I must confess, I haven’t been entirely captivated by NXT recently. I don’t think I’m alone in this sentiment, as interest in WWE’s aloof third brand has varied wildly over the past year.
Since rebranding fall 2021, pastel NXT has gone out of its way to distinguish itself as distinctly separate from the black and gold brand that was so championed just a few years ago. I can appreciate a good reboot, and NXT certainly needed one, but things have been rocky since the complete overhaul of all things 2017. A lot of this comes down to the same issues WWE has with Raw and SmackDown: their inability to move on from the same old story.
She Was a Sk8er Girl
Let’s look at Cora Jade. Jade technically debuted pre-NXT’s rebranding, but she found her footing under its new neon umbrella. She won War Games for team Raquel back in November, earning herself a title shot at New Year’s Evil.
As I had COVID at the time, New Year’s Evil was actually prime viewing for me, and I remember it well. This was a triple threat against Mandy Rose and Raquel Gonzalez, and at first look, Jade didn’t stand much from her more established opponents. Gonzalez was the built star here, with plenty of power moves and big spots, and Rose the crafty vet. Still, Cora’s moments were solid, even if she didn’t always have chemistry with the others. Her last minute breakup of Gonzalez’s pin attempt led to Mandy stacking her up to retain, protecting Big Mami Cool, who was just a few months away from a SmackDown debut.
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Jade continued on with the skater girl gimmick, which is a bit 2005, but it’s not like anyone’s real pressed about it. She had a brief feud with Natalya of all people, proving herself to the BOAT before she jumped back to the main roster.
Jade then began teaming with Roxanne Perez, another talent who was still in middle school while I was getting my Bachelor of Arts. You hate to see young people winning. Jade and Perez beat Toxic Attraction for the women’s tag titles at the beginning of this month, a huge win for friendship and happiness. They seemed the opposite of Dolin and Jayne, who had gone whole hog into their self-serving villain era. Perez and Jade were all about staying true to yourself and working hard, preaching classic white meat babyface values and lauding their bond and genuine respect for each other … for all of two weeks.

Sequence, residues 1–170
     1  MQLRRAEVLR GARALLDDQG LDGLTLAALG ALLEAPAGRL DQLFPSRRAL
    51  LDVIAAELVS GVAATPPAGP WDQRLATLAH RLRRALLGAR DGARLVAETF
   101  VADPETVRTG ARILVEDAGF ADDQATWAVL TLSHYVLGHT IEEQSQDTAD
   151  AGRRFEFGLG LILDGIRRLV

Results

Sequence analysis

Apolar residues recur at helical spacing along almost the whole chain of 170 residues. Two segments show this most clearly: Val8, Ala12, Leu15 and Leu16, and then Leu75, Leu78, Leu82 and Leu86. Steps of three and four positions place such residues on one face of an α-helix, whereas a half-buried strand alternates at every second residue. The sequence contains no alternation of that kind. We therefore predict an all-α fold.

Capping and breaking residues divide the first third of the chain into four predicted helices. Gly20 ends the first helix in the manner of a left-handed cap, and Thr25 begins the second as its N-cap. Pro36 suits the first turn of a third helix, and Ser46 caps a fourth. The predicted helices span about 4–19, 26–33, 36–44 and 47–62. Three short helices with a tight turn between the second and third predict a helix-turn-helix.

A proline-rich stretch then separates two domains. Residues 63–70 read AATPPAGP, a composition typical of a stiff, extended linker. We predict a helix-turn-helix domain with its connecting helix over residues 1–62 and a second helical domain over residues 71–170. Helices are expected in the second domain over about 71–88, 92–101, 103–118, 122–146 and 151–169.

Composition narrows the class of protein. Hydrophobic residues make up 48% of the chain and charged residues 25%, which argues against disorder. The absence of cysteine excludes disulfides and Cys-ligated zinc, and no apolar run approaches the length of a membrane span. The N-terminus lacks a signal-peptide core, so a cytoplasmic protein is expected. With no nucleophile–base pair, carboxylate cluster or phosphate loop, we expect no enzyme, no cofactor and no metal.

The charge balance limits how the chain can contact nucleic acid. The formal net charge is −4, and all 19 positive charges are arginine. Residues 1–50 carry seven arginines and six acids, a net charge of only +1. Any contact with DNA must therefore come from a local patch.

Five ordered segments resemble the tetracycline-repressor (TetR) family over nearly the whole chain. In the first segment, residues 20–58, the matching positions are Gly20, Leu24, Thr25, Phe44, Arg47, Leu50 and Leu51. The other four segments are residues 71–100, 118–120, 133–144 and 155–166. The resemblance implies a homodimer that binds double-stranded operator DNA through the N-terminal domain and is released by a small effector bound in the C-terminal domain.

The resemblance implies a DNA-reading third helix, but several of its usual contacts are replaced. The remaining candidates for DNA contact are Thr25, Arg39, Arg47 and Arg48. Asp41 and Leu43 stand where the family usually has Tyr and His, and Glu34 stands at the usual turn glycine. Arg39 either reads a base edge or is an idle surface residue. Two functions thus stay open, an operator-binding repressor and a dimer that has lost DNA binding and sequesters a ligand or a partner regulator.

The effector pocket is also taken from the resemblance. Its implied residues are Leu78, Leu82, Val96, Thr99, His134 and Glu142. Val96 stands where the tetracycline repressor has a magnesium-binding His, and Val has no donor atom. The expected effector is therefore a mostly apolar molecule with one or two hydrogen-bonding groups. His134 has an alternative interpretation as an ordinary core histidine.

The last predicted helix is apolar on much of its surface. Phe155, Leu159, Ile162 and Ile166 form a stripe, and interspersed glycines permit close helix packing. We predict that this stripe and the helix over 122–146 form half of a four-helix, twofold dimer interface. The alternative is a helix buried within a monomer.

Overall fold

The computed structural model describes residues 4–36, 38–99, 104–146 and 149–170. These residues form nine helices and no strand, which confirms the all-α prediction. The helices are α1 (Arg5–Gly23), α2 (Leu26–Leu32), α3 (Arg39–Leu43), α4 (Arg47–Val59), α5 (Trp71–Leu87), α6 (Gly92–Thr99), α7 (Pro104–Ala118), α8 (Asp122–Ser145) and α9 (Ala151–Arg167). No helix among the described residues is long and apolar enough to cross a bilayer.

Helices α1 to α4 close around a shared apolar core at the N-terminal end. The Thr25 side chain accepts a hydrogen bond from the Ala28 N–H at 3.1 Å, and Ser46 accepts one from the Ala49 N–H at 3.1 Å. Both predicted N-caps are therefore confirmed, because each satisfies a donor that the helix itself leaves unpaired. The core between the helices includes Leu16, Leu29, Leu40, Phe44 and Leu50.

She Said to Her L8er Girl
The NXT parking lot made its comeback in the 2.0 era this week, as the show opened up to find Roxanne knocked out just outside the venue. She was meant to challenge Mandy Rose for the NXT Women’s Title, which meant Toxic Attraction were the likely suspects.
Rose taunted Perez for being unable to compete through her injuries, which lead Cora to come out and offer to fight in her friend’s place. Roxanne then appeared herself, promising the main event was still on. Jade cheered on her friend as the match started, but things fell apart for the duo soon enough.
Perez faced an uphill battle, selling the injured ribs as she attempted to unseat the champ. She fought off both Dolin and Jayne on the outside, and after Roxy landed Pop Rox on Rose, Jade began clamoring for her friend to get Mandy back in the ring. Yet, as Roxanne was very slowly ascending the apron, she was blindsided by Jade, hitting her in the ribs with the women’s tag title.
It’s symbolic, get it?
Rose easily got the win, and Cora went on to break her skateboard on thin air and then throw the pieces on Perez; a bit awkward, but she stayed committed. The heel turn was executed as well as one could expect for a segment involving a gimmicked skateboard, and it did what it needed. Jade is a selfish baddie, and Perez looks like the saddest of babyfaces.
She Wasn’t Good Enough for Her
WWE splitting up a tag team too early isn’t news; it’s more like a favorite pastime. This turn feels a bit more unique given that Perez and Jade are actively holding the tag titles together. The last time I can recall this happening in recent memory was Dean Ambrose (remember him?) turning on Seth Rollins about 90 seconds after they won the Raw Tag Team Titles back in 2018.
While that was a spin on the failed Shield reunion that couldn’t be, the story there relied on the years of shared history between both men. Here, Perez and Jade have known each other less than a year. They’ve only been teaming for a month, holding the belts for two short weeks before Jade elected to make her move. Either Roxanne is truly terrible to travel with, or Jade’s jumped the gun a bit here. The team had just experienced their first success, it seems a bit counterintuitive to shoot yourself in the foot, even if self-damaging decisions are at the root of most wrestling heels personae. At least Cora is already on trend.
The intrigue here comes from where Jade and Perez go as champions; it’ll be hard to defend the titles when they’re trying to knock each other’s backwards hats off. Cora’s decision to go into business for herself feels more surprising given how recent the tag victory was, and (hopefully) it suggests there are big things in store for the young star.
It’s hard to guess how the feud plays out; both Perez and Jade have begun to make names for themselves, and as Mandy continues her lengthy reign as champ, either could become potential repeat challengers down the line. Of course, Rose is still entangled with Nikita Lyons, so we could be hurdling towards some kind of fatal fourway in the near future.
There’s a lot of directions this story could go, and it’ll be interesting to see just how heel Jade stacks up against the pop-punk skatergirl. Personally, I’m more into this cutthroat Cora than the smiles and leather jackets we’ve gotten over the past few months. She feels like a performer who’s more at home as the bad guy, so long as the props hold together.